Training Videos Observability High Cardinality Debugging

Finding Outliers With BubbleUp

Learn how using BubbleUp in your debugging workflow helps you analyze billions of rows of data across thousands of high-cardinality fields to quickly spot outliers that may be the source of hidden issues.


Adam Hicks [Senior Solutions Architect|Honeycomb]: 

Hello, everybody. Welcome. I’m Adam Hicks. I’m Senior Solutions Architect here at Honeycomb, and I’d like to talk to you about BubbleUp or how we can bring statistical outliers in your event data to the forefront. So what is BubbleUp? What are we talking about here? Really, the core thing we’re after is how we can identify anomalies quickly, areas of interest.      

We operate from the principle that visual data gives us cues. We can see spikes and things like error rates and latency. So, we’ve introduced a feature that allows us to select a region of interest from the data and ask a pretty generic question. You know, “what’s different about this data”? The great thing is Honeycomb is going to tell us. It can go and find the differences in that selection. This is exactly what I’m going to show you in the demo in just a few minutes.     

The other thing that I want to spend a second on is that it’s fast. It’s very speedy. And that matters a lot. It matters when we’re debugging. It matters because downtime costs you money. Outages cost money. You know, anytime you need to be finding what’s wrong, you want to be able to get to those answers as quickly as humanly possible. So it shouldn’t require a wait for you to distinguish that signal from noise. In many cases, it does. This is a hard technology problem, and we at Honeycomb have all but completely solved it for you.     

Before I launch into the demo, I do want to level set on a few different things. So, you know, what we really are doing here, we are, like I said, we are allowing you to select a section, a region of data to get those data points and ask that general question: What is different about it? This operates on what we call a heatmap. You’re probably familiar with heatmaps. Of course, we have our heatmaps as well. So that’s definitely something to level set on. So as you go and select these sections, instead of your heatmaps, we do have other forms of visual, graphical notations to help you understand what is going on in your event data. The heatmaps specifically are those where BubbleUp functions.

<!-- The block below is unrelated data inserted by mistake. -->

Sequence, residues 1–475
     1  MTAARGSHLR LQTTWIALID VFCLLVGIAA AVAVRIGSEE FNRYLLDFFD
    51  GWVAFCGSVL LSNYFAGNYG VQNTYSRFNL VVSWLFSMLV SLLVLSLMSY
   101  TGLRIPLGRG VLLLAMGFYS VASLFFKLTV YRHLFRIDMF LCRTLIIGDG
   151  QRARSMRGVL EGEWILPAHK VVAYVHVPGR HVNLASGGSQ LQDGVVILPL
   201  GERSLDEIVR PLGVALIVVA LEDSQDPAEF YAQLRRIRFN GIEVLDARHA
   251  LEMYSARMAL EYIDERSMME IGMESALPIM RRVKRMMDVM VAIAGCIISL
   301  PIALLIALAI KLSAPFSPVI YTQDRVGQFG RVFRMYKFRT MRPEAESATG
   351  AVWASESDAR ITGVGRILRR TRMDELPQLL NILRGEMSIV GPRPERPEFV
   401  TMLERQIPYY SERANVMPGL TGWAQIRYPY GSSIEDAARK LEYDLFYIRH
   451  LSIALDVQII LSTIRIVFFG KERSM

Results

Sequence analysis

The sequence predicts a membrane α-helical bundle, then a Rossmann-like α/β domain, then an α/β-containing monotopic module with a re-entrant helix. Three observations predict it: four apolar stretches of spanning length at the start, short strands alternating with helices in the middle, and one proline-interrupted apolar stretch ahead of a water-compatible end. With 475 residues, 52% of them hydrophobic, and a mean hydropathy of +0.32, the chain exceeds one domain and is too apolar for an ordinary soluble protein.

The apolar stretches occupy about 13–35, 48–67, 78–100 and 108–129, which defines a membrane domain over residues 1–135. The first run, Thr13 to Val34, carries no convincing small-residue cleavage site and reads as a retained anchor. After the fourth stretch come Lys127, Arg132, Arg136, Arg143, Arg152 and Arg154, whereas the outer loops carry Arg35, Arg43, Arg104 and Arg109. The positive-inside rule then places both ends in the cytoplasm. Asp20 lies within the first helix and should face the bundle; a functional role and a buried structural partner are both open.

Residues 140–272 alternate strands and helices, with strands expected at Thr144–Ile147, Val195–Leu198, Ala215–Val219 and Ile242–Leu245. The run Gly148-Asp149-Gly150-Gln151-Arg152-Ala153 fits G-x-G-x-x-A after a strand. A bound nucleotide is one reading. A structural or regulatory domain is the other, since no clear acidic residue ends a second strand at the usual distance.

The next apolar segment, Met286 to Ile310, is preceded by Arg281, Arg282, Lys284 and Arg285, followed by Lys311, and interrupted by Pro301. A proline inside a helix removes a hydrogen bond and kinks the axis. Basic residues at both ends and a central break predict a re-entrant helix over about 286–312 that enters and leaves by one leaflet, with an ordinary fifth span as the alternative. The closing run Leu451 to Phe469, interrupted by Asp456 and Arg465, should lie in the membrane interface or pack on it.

We use color-coding. Colors are going to drive those areas of interest. Again, we lean into the visual element quite heavily. So those colors are going to draw you into understanding what is different. The yellow is the regions of interest. You will see that blue is an area of what we call baseline data. That’s sort of your normal functioning data. You’re going to see that quite a bit. So enough with the definitions. Enough with the level set. Let’s move on, then, to the demo itself. 


So get my Honeycomb up in front of me, and I’m actually going to return just to a home screen because I want to help you understand how we go through a typical user journey in understanding BubbleUp. This right here is a home for a data set that we call API calls. Pretty generic. A lot of our customers and you probably have an API call service in and of itself. So this should be very familiar. And I do have, on my home page, a heatmap over here around latency. It’s one of those that we talk about. Very common when you want to measure latency. You can see the colors, the rich colors. And, of course, right here, we’ve instrumented a smoking gun. There’s something going on, and it leads me to want to ask those questions.    

I can pop into BubbleUp directly from here or I can click directly on the heatmap itself, and it will take me into the query view, expanded query view. This is interactive. I can further refine what I’m seeing, but today we just want to start by bubbling up and asking that very high-level question about what’s different. As an engineer, there are two areas that are actually really drawing my eye immediately. I have this spike that we talked about, and I also have down here this big, dark spot. We have a legend that’s telling us what’s going on. I have fewer events in the lighter colors, more events in the darker colors.      

So I might want to ask questions of both of them. For now, let’s start with that smoking gun, the spike in latency. BubbleUp mode is very easy for me to enable. All I had to do was click on a tab, and it takes me to BubbleUp. And now I can draw a selection around the data that is interesting to me, and it is asking again that very high-level question: Tell me what’s different. What it did below is it bubbled up attributes and the values of the event in those attributes.